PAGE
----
Seminole Crop E News

Agricultural News for Farmers and Agribusiness in SW Georgia

Tropical Spiderwort – Bad after corn

Posted by romeethredge on September 28, 2013

Tropical Spiderwort is a real problem after corn harvest. See the photos below that show how it grows so well after sunlight gets to the ground. In the second photo if you look close, you can see the roots I dug up that have some underground produced seeds on them. They produce seeds above and underground.

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Here’s an excerpt from the UGA Weed Science publication concerning Tropical spiderwort that can be accessed at this link.

It’s native to tropical Asia and Africa. It has been shown to be an alternate host of the Southern Rootknot nematode.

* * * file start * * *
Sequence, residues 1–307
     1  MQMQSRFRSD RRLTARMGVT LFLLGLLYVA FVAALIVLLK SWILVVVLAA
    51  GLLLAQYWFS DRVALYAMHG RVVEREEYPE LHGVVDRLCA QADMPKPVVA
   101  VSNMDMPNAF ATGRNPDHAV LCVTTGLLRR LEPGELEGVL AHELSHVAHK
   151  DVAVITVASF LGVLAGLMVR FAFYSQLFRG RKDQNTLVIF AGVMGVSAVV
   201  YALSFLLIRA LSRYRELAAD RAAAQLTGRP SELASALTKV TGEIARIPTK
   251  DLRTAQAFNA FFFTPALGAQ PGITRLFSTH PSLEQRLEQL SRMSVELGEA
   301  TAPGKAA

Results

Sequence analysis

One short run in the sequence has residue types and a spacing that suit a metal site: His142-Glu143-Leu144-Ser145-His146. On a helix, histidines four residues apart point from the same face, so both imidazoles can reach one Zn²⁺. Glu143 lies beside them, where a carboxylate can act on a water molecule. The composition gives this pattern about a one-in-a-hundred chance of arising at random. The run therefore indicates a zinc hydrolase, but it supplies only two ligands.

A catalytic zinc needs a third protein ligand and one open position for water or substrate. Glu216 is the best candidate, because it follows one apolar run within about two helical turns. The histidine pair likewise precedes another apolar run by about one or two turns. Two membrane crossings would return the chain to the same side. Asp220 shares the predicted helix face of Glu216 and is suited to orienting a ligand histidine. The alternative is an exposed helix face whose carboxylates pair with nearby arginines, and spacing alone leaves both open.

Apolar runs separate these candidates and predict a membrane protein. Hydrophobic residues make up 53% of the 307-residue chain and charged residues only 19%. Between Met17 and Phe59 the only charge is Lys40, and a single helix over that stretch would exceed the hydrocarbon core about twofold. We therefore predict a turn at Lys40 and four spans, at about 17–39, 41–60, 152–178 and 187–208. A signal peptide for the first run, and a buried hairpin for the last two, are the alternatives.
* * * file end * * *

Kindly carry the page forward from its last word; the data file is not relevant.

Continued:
Because tropical spiderwort can germinate and emerge up until frost, growers must implement fallow or postharvest control strategies in an effort to reduce seed production. This can be accomplished by using either tillage or herbicides. If fields are tilled, they should be cultivated every 3-4 weeks while tropical spiderwort is emerging.  In order for post-harvest/fallow herbicide treatments to be effective, they must be applied after the plants have recovered from any damage caused by harvesting equipment, when they are actively regrowing, and hopefully less than 6 inches in height. Tropical spiderwort will be killed by the first frost.

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